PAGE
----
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WASCO takes safety awareness on food seasoning to South East


Marketing Manager WASCO, Isa Shallangwa (left); Nutritionist, Dr. Helen Unaeze; Influencer Chef, Miyonse Amosu; GM African Business Development, Sato Takashi; the Obi of Onitsha, HRM Igwe Alfred Achebe; Managing Director WASCO, Niki Junichi; Brand Ambassador, Helen Paul; and Corporate Communication officer WASCO, Francisca Ikediashi, during a courtesy visit to the Obi of Onitsha

The West African Seasoning Company (WASCO) Limited, makers of Ajinomoto food seasoning, has taken its safety awareness campaign train moves to the South-East geo-political zone of the country, with over 130 medical professionals and food scientists affirming that the food seasoning also known as Monosodium Glutamate (MSG) is safe for consumption.

The Ajinomoto safety awareness campaign in the zone began with a courtesy visit to the Obi of Onitsha, His Royal Majesty, Igwe Nnaemeka Alfred Achebe, at his residence in Onitsha, Anambra State, by top management of WASCO led by its Managing Director, Mr. Niki Junichi.

The visit which had Ajinomoto Ambassadors, popular comedienne, Helen Paul and Influencer chef and former Big Brother Naija contestant, Miyonse Amosu, in attendance was part of the management’s ongoing effort to reposition the umami product in the country, particularly to dispel myths and misconceptions about the Japanese food seasoning through the support of opinion leaders, community influencers, nutritionists, food scientists and healthcare professionals.


Junichi told the Royal Father that they were in Onitsha with the objective of continuing their interaction with the medical, scientific and professionals groups with the aim of using their platforms to dispel the falsehood, perception issues as well as misconceptions that characterised Ajinomoto MSG in the south.

In his welcome address at a one day Umami Seminar with stakeholders, held at the Presidential Hall, All Saints Cathedral Onitsha, the WASCO boss said MSG is 100 percent safe for consumption, urging the participants to disregard unscientific rumours about the product, describing them as ‘fake news.’

According to him, umami is the fifth basic taste along with sweet, bitter, salty and sour while glutamate is an amino acid found naturally in protein-containing foods such as meat, tomato, vegetables, poultry and human breast milk.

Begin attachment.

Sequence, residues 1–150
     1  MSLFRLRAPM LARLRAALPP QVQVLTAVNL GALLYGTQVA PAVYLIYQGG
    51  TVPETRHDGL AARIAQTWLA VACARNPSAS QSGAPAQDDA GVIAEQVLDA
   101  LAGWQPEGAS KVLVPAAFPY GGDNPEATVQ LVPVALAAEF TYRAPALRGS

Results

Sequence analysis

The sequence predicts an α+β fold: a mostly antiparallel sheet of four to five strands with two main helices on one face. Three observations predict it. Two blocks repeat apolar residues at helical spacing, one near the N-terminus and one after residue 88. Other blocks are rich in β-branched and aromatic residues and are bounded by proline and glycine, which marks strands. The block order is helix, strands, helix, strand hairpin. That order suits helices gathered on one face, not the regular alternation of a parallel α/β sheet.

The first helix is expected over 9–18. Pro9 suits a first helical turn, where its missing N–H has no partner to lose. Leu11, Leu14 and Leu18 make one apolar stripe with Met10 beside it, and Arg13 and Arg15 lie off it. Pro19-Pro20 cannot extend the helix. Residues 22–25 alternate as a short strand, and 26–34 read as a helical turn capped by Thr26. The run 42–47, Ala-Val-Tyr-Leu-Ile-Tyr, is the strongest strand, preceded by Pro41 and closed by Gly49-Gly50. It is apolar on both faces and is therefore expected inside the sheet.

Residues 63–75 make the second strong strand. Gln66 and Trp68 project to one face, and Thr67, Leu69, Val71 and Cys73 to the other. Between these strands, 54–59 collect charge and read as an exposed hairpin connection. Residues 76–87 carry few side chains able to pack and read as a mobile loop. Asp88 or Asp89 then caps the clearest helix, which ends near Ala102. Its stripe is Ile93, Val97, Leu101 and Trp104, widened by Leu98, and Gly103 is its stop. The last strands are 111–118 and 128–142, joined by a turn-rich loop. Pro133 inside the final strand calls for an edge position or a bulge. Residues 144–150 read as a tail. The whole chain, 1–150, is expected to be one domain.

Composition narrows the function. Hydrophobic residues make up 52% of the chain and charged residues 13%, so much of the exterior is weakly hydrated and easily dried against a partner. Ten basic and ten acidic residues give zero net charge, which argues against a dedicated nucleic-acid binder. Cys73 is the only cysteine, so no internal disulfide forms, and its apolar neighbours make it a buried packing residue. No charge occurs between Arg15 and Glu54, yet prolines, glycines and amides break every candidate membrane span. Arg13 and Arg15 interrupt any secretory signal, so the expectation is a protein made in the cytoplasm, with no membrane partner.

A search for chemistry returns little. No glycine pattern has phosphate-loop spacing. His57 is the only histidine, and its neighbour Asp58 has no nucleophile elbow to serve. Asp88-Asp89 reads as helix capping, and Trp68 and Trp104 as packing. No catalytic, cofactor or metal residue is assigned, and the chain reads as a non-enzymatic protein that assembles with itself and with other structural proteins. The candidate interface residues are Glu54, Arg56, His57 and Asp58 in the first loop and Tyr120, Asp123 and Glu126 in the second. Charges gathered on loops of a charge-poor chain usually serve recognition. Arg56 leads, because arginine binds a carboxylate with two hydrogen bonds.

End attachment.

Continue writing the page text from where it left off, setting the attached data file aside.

“The seasoning is made from natural sugarcane and therefore, safe for consumption. What people are saying about Ajinomoto is complete fake news because there is no scientific evidence to their claim. For a long time, we have kept quiet about these rumours. But now, we have decided to address them,” he said.

Speaking on the topic, “MSG: A Safe Food Flavour Enhancer”, a lecturer at the Department of Human Nutrition and Dietetics, Michael Okpara University of Agriculture, Umudike, Dr. Helen Henry-Unaeze, said glutamate enhances flavour of natural food and also gives it a delicious taste.

She explained: “ When you hear of umami, what comes to your mind is MSG, that is Ajinomoto MSG. And MSG simply means sodium salt of glutamatic acid which is an amino acid that is naturally in our body and present in all food especially in protein rich foods. We have it in plant foods, animal, onion, tomato, carrot, and locust bean like Dawadawa, castor oil bean seed and Iru.

When you ferment them, the glutamate in them rises and it’s actually the glutamate that impact the umami flavor that we are talking about. So, you can see it’s safe for human consumption”.

Dispelling rumours about the product, Henry-Unaeze reminded the participants that as far back as 1998, a research was carried out on MSG at the University of Nigeria, Nsukka, which revealed that it was safe for human consumption.

In their separate remarks, participants at the workshop also confirmed the safety of Ajinomoto.

The Dean, Faculty of Agriculture, Nnamdi Azikiwe University, Akwa, Prof. Ernest Igwe, said he was at the seminar to join the company in dispelling rumours about the MSG product.

Prof Igwe who has been teaching Food Safety and Toxicology at the Department of Food Science and Technology of the university for the past 27 years, said: “First and foremost, let’s be frank to ourselves. No food or even water is 100 percent safe. So, MSG is safe for human consumption no doubt. “But it appears there is a campaign of calumny against the product. “Since I was a kid that the rumour started, there has not been any substantiated and scientific fact to the allegations. Categorically, like every other safe food, Ajinomoto is safe.”

Also, President, Association of Resident Doctors, Nnamdi Azikiwe University Teaching Hospital, Dr. Stanley Egbogu, said:” We have used Ajinomoto in the past and we are still using it in the present. Some patients mentioned that they took it and they had diarrhea. But the truth is that, most diarrhoea diseases are infectious and not mainly from seasoning.”

“Naturally, the product does not cause diarrhea. Safety of Ajinomoto is guaranteed. It’s just an MSG product”, he added.

Earlier in his response, Igwe Achebe, told the WASCO management not to be discouraged by the rumours in producing good products.

“Bad rumours can affect a good product and bring about de-marketing of such product. The rumours are usually from opponents and competitors who say a lot of negative things about a product to spoil the image, as you are experiencing in Ajinomoto. But let competition take hold and strive to produce the best”, he said.


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